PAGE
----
MLB Network’s Brian Kenny thinks the method used to measure a pitcher’s record no longer holds any meaning. He’s campaigning to #KillTheWin. But others believe the stat is too deeply rooted in the sport’s history to ever disappear.
On the 100th running of the Indy 500, a tradition lost to the Great Depression returns. Bill Littlefield traces the history of poetry — yes, poetry — at the race.
Baseball’s bunt is dead…maybe. Bill Littlefield delves into the past, present and possible future of baseball’s much-maligned maneuver.
Until the advent of the Open Era in 1968, professional tennis players were excluded from the sport’s top tournaments. So instead of competing at Wimbledon or the US Open, tennis pros toured the world, often playing in unusual — and unfavorable — conditions. Tennis Hall of Famer Rod Laver joins Bill Littlefield to talk about his experiences.
While college basketball fans prepare to fill out their March Madness brackets, Bill Littlefield plots the little-known history of the bracket from an 1851 chess tournament to a Long Island restaurant in the 1970s.
Public perception of Herbert Hoover has, for the most part, always been tied to the economic troubles of the Great Depression. But the legacy of the 31st president isn’t all bad…in fact, as a sport, it’s pretty intense — and CrossFit approved. Only A Game’s Karen Given has the story.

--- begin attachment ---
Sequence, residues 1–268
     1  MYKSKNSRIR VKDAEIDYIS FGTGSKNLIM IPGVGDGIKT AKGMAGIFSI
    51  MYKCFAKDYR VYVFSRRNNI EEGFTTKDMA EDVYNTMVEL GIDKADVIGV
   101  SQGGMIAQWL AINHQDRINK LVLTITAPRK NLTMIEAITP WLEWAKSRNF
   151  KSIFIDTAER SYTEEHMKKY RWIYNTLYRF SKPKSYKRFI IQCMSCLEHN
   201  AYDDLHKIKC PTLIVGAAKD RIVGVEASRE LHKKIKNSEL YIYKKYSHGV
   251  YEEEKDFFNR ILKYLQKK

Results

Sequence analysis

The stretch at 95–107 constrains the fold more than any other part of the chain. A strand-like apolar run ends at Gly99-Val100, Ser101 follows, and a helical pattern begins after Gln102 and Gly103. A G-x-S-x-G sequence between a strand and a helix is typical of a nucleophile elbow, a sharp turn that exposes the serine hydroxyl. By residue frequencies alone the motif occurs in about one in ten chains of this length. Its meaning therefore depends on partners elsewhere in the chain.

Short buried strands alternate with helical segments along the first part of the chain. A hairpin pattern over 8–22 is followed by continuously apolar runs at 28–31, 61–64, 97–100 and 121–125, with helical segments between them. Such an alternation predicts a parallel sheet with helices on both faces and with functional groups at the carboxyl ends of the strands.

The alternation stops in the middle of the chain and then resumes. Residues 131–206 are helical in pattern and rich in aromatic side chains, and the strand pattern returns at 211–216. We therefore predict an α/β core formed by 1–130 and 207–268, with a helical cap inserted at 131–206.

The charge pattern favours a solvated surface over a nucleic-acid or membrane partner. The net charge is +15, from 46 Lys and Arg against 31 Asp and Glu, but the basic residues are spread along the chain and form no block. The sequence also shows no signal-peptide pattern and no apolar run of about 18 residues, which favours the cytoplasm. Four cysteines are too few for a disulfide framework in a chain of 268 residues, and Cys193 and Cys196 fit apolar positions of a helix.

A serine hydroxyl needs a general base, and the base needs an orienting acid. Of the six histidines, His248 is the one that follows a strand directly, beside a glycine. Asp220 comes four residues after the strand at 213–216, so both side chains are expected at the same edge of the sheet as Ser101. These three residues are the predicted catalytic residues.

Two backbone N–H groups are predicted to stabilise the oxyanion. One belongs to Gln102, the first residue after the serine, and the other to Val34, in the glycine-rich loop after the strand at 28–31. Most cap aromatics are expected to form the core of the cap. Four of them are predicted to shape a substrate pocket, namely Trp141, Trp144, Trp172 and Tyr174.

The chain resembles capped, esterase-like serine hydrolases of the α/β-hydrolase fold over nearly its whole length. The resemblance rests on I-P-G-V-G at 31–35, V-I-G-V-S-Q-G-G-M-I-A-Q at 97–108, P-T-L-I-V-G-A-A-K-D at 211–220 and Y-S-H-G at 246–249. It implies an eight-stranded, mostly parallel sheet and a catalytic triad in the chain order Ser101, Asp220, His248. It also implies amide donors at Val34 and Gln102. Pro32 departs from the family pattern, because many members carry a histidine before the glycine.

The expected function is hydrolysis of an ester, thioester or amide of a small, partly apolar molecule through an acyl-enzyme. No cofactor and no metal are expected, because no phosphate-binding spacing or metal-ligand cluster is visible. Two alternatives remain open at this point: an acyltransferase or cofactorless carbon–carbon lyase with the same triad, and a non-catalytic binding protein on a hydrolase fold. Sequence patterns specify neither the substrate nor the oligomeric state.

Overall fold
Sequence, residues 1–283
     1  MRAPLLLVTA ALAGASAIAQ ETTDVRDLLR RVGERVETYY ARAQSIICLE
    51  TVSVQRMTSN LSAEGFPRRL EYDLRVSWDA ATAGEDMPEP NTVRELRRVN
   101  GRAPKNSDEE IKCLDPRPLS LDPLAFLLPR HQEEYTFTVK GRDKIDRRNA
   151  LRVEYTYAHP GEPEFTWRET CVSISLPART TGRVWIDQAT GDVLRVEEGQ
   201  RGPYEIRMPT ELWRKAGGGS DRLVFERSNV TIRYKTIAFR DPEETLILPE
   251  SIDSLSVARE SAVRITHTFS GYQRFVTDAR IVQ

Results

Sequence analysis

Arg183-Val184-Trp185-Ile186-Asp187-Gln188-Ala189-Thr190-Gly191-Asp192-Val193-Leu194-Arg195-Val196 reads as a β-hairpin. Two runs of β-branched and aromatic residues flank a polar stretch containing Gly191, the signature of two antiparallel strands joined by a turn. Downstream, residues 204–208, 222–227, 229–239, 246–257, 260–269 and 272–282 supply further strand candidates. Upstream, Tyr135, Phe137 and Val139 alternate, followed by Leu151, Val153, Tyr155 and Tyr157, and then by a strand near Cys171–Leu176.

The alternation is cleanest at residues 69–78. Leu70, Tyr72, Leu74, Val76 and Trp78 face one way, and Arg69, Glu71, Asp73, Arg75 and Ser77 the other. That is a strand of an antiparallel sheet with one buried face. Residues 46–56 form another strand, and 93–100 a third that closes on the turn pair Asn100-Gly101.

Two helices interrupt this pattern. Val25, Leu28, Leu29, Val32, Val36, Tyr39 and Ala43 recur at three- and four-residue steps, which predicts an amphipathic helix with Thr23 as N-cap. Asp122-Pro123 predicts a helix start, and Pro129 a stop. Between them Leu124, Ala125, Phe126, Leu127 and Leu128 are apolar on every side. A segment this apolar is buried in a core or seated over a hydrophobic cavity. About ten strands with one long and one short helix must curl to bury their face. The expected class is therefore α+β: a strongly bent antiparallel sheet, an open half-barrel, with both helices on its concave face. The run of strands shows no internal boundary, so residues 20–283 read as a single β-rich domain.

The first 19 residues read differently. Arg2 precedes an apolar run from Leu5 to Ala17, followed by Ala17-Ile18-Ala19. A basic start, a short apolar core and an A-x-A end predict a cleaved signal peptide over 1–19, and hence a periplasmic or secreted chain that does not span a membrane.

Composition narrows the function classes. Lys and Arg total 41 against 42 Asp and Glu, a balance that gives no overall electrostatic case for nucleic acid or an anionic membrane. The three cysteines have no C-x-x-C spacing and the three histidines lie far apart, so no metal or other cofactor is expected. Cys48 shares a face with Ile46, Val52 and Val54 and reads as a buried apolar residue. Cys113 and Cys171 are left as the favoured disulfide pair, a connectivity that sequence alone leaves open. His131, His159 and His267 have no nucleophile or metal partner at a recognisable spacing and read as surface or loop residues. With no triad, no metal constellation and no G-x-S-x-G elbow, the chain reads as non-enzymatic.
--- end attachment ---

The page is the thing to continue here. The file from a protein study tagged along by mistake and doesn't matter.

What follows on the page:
If you say “poetry” and “baseball” to lots of people, they will think of Ernest Thayer’s doggerel “Casey at the Bat.” As players gather at spring training, Bill Littlefield takes the opportunity to embark on a literary examination of the historic poem.
The Nazis pioneered modern, global sports broadcasting for the 1936 Olympic Games in Berlin. They just didn’t know Jesse Owens was going to steal the show. Only A Game’s Karen Given finds out more about the Nazis’ role in broadcasting history.
Today, the jump shot is one of basketball’s fundamental moves. But it didn’t exist in the early days of basketball history. Where did it come from? And who invented it? Only A Game’s Karen Given’s investigation begins 84 years ago on a farm in Wyoming.
King Henry VIII is remembered for marrying six women…and beheading two of them. But what if Henry VIII was more than just a bad husband? What if some of his erratic behavior can be traced back to a jousting match and the same degenerative brain condition that now affects former athletes?